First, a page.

Firstly, will the paper contribute to the body of scientific knowledge? Or, secondly, does it have educational value? That is, will it teach attendees something that may potentially change their practice? Will it provide a cautionary tale that alerts them to avoid misadventure? Will it make them aware of a procedure or approach that they are not familiar with?
The quality of the presentation is also considered. Abstracts submitted by trainees, researchers or junior doctors are judged against the same baseline standard that is applied to all submissions. However, a recognised specialist plastic surgeon presenting their own clinical work is, in practical terms, different to a junior doctor who has tabulated the experience of their ‘boss’, and likely to present data without being able to add expert clinical comment. Having said that, having a highly-respected senior author on the paper, who is renowned for high quality work, can only help.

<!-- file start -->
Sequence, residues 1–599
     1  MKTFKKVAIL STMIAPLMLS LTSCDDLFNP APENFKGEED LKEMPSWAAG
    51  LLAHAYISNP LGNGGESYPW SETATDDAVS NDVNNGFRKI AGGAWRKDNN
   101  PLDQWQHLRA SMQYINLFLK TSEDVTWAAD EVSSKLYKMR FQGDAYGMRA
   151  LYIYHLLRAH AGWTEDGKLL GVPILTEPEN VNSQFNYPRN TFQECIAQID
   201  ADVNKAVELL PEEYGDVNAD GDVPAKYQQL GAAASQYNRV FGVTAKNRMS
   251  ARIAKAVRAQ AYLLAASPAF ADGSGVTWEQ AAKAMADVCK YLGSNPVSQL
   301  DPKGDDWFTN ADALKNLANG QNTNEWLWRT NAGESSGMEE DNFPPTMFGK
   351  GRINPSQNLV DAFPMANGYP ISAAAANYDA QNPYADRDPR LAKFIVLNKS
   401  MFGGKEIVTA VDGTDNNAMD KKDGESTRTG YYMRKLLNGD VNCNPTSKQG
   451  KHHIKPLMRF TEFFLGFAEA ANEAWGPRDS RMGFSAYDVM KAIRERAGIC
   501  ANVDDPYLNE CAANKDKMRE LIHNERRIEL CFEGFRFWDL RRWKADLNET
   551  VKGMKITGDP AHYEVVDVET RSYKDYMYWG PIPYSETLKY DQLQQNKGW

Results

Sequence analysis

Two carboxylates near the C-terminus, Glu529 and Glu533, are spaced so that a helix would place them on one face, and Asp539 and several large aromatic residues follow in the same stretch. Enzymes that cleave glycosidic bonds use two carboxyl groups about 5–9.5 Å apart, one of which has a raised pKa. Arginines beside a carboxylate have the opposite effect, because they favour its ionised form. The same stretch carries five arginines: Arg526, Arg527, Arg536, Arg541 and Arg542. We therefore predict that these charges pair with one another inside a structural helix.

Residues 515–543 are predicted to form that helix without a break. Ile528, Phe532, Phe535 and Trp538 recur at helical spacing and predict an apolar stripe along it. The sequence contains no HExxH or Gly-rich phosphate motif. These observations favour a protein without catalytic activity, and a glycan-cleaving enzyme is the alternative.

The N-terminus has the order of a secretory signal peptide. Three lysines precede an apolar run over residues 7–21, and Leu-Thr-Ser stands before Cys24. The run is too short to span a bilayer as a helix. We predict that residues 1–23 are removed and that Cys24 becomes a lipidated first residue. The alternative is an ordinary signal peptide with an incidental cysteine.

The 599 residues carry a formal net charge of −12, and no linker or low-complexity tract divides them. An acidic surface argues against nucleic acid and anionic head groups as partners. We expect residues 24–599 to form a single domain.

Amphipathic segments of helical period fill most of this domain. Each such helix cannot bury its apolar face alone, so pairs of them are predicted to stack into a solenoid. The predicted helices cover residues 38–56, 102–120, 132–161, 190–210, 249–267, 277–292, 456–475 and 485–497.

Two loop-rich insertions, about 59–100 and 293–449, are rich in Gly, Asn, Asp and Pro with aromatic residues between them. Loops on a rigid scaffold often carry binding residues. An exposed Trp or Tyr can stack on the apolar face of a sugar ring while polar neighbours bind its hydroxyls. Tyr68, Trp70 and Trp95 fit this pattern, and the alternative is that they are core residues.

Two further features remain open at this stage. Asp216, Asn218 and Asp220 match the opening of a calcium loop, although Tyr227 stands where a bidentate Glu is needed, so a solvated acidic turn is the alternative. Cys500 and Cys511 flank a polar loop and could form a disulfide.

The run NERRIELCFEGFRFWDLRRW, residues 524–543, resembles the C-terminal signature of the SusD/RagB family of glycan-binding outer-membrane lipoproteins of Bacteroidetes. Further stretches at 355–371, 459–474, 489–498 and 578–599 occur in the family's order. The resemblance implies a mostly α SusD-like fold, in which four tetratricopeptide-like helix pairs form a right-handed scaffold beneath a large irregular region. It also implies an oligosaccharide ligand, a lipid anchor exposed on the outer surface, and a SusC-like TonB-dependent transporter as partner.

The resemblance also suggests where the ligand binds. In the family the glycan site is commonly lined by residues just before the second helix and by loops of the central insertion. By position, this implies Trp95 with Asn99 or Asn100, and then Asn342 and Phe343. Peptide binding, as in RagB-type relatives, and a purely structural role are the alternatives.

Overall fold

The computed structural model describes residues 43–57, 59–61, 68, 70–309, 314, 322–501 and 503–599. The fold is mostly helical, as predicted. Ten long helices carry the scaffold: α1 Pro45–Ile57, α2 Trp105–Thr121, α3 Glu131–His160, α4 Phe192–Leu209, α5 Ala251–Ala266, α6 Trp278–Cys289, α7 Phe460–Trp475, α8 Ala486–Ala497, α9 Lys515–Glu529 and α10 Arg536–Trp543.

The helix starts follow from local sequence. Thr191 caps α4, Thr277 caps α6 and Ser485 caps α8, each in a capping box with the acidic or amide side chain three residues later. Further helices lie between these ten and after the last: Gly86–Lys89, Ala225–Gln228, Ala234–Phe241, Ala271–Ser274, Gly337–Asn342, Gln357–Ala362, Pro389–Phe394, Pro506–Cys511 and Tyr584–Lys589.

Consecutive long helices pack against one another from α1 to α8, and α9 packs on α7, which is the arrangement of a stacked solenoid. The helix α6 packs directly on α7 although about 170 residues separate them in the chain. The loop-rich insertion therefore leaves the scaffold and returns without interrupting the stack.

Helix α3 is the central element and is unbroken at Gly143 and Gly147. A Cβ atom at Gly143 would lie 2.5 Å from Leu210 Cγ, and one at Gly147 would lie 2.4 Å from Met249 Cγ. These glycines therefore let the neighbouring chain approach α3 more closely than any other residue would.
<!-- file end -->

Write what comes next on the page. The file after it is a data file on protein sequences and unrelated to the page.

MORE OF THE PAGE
Abstracts are submitted reflecting a variety of different types of academic endeavour. I will highlight some categories which commonly produce weaker abstracts, with suggestions on how to improve their chance of success.
We all have computers and access to Medline searches and the like. To conduct a literature review and conclude that the available data supports current practice does not significantly add to our body of knowledge, teach us anything or change our practice. If the conclusion is that ‘more research needs to be done’, then conducting that research will escalate your chance of acceptance.
The most valuable literature review is one where the available data does not support, or even contradicts, current clinical practice. Then something may be learnt that changes practice.
Unit data review
Most plastic surgery units have computer databases that, at the push of a button, can produce a mass of epidemiological data and outcomes. A unit review is an invaluable quality assessment tool for benchmarking performance against published data and the experience and outcomes of other units. However, to conclude that your unit is performing like others is not of wider educational benefit. Then again,
Iif your data and analysis supports or suggests modification to, or change of, established practice, this may be significant, especially if your unit has some unique epidemiology or practices.